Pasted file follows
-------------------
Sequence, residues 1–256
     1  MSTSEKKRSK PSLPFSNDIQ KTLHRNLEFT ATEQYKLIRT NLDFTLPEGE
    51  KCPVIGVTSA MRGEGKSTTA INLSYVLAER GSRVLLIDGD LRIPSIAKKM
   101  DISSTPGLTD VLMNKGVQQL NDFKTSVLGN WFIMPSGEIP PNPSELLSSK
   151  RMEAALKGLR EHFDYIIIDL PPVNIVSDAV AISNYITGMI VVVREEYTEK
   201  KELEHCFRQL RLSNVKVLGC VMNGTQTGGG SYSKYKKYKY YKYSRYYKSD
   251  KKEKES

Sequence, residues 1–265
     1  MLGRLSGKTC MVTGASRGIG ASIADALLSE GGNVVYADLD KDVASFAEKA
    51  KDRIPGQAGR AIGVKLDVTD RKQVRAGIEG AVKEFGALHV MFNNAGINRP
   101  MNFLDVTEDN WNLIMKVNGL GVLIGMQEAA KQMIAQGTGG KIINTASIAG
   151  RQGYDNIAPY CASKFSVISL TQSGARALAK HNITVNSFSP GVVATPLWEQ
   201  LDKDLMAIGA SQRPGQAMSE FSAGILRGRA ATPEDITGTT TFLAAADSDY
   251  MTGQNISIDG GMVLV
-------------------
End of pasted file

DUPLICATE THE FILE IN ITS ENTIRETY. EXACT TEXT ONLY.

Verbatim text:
Sequence, residues 1–256
     1  MSTSEKKRSK PSLPFSNDIQ KTLHRNLEFT ATEQYKLIRT NLDFTLPEGE
    51  KCPVIGVTSA MRGEGKSTTA INLSYVLAER GSRVLLIDGD LRIPSIAKKM
   101  DISSTPGLTD VLMNKGVQQL NDFKTSVLGN WFIMPSGEIP PNPSELLSSK
   151  RMEAALKGLR EHFDYIIIDL PPVNIVSDAV AISNYITGMI VVVREEYTEK
   201  KELEHCFRQL RLSNVKVLGC VMNGTQTGGG SYSKYKKYKY YKYSRYYKSD
   251  KKEKES

Sequence, residues 1–265
     1  MLGRLSGKTC MVTGASRGIG ASIADALLSE GGNVVYADLD KDVASFAEKA
    51  KDRIPGQAGR AIGVKLDVTD RKQVRAGIEG AVKEFGALHV MFNNAGINRP
   101  MNFLDVTEDN WNLIMKVNGL GVLIGMQEAA KQMIAQGTGG KIINTASIAG
   151  RQGYDNIAPY CASKFSVISL TQSGARALAK HNITVNSFSP GVVATPLWEQ
   201  LDKDLMAIGA SQRPGQAMSE FSAGILRGRA ATPEDITGTT TFLAAADSDY
   251  MTGQNISIDG GMVLV